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A little pain^H^H^H^H^Java never hurt anybody

While I personally agree with some of what Luke Welling wrote in his article "PHP is not Java" for PHP Advent 2008, I also disagree with the general tone of the article and the examples he provides. The example Luke provides might be true in some respects (that it looks like Java code), but the solution offered is the best example why PHP and PHP developers are looked down on most time.

PHP is the red-headed step child (no offense to redheads, I love you all) when it comes to programming, or wait, scripting languages. Because PHP is not even a programming language. ;-) For example, when I started at this co-working place most of the people did not talk to me at all. Besides Jan, who I share the room with most of the time, there are only Ruby (and Java) people on this floor. Horror, right? (Just kidding!)

And even though my crap PHP code handles much more traffic than their fancy rails, and even though I'm open to other languages as well, most people stop taking me serious when I admit to doing PHP.

The truth is out there, Mulder.

The notion of the last years has been that a lot of PHP-based open source projects worked hard to improve the quality of their code by defining coding standards, by improving the documentation and sometimes even by adding a dedicated QA team. Even though any PR is good PR, no one wants to make those headlines. The (by no means complete) list of examples include (of course) PEAR, Joomla (where this is an ongoing effort :-)), and also rather notorious projects such as phpBB and Wordpress.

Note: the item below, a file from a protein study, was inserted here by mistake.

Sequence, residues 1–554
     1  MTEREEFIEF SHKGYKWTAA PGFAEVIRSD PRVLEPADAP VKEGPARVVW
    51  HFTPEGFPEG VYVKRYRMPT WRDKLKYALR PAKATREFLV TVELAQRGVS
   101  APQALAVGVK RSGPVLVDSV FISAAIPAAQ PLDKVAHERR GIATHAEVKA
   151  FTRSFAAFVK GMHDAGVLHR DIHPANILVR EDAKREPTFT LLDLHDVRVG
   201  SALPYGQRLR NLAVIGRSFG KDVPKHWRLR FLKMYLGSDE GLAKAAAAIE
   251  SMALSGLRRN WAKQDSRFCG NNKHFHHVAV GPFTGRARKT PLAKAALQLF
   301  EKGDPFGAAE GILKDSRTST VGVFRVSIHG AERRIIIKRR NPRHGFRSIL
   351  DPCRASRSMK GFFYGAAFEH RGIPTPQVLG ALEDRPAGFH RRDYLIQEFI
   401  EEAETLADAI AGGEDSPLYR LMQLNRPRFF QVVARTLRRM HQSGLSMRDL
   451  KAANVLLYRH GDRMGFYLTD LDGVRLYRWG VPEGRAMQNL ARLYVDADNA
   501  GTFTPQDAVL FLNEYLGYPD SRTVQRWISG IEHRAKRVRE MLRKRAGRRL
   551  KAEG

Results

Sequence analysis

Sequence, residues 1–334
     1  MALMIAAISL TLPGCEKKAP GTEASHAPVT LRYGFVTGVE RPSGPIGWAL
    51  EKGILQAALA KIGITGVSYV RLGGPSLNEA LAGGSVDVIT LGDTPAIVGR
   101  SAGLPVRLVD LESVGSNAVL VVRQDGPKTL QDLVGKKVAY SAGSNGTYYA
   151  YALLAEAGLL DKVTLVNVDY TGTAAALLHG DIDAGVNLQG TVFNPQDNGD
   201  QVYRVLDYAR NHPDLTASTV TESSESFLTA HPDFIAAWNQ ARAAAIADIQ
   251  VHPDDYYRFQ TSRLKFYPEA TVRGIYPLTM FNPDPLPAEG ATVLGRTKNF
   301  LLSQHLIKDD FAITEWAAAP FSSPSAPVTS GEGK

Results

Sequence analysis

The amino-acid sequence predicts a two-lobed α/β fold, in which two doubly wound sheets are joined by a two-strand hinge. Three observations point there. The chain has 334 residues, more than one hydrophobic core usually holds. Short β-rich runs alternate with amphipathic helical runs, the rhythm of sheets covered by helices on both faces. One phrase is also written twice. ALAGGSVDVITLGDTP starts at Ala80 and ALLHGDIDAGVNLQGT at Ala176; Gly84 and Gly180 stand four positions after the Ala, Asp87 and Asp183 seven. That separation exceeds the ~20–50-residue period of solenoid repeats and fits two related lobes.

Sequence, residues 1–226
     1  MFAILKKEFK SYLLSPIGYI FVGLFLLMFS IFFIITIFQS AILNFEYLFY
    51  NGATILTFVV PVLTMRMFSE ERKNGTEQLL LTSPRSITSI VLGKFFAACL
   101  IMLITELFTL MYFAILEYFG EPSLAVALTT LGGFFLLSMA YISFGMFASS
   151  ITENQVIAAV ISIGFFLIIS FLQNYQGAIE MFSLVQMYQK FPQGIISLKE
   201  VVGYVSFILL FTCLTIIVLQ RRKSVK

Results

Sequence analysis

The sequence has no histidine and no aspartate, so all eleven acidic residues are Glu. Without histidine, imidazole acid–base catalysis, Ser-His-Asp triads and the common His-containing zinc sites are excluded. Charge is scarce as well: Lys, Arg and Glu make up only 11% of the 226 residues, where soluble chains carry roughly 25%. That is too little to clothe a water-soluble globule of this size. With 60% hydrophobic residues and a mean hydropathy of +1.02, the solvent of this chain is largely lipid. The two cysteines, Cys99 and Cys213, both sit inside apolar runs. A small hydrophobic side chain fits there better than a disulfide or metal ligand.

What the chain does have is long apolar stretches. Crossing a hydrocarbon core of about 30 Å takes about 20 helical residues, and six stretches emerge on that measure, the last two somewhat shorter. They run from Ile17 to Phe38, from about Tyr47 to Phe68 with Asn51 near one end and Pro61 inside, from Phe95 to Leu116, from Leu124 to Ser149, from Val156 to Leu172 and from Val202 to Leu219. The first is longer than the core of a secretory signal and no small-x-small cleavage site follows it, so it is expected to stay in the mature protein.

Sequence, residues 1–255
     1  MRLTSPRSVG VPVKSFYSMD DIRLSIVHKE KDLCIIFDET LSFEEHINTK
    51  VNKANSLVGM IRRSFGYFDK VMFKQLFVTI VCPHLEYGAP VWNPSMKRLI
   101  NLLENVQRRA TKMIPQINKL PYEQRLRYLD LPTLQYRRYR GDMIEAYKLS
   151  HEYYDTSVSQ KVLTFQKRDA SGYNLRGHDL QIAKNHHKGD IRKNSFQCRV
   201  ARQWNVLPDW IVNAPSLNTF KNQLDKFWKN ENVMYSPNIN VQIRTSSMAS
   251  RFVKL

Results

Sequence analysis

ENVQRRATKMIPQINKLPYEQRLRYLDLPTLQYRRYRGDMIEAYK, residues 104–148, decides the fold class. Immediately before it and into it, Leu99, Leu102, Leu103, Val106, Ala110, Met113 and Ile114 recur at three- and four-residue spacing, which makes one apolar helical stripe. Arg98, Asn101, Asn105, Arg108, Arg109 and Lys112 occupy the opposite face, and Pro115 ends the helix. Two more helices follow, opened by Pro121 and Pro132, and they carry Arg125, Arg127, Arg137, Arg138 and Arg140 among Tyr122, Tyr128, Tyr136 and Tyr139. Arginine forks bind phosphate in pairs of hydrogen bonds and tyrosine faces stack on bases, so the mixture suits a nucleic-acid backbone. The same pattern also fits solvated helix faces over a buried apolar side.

PEAR & Plesk

We frequently get users on #pear (@efnet) who happen to run Plesk and need help setting up PEAR. Now running any config interface is a blog entry by itself and when I say Plesk, I should also mention confixx and cpanel. And while I have a strong dislike for all them, let me focus on Plesk for now.

This is not a copy'n'paste howto, so make sure you double-check all steps involved. With little knowledge, you should be able to to apply all instructions to any other control panel, all you need is SSH access to the server.

I installed PEAR, but it's not working

The number one reason here is that even though the include_path is setup correctly, you also run with open_basedir. For pseudo security reasons, Plesk typically restricts open_basedir to your "document root", for example:


(httpdocs is the document root.)

To verify the above, create a file called phpinfo.php in httpdocs, with the following content:

<?php phpinfo(); ?>

Look for include_path, it should contain something like /usr/share/php/pear and the open_basedir, which should contain this setting as well -- but doesn't.

Plesk internals

To understand the issue entirely, let's look at how plesk builds virtual hosts.

  • Each domain name has its own virtualhost include file, called http.include
  • The http.include is located in:


  • The settings (e.g. open_basedir) are set using php_admin_flag/_value which makes overriding through ini_set() or .htaccess unsuccessful.


  • The Annoying: Hack http.include and lose changes each time Plesk rebuilds your hosts (with each update). :-)
  • The high road: Find and edit Plesk's default template to add your PEAR installation to the open_basedir directive, or to turn off open_basedir completely. In this, case, what you're looking for is called "domain template" in Plesk, but because I'm not a Plesk user, I don't know much about it -- feel free to correct me.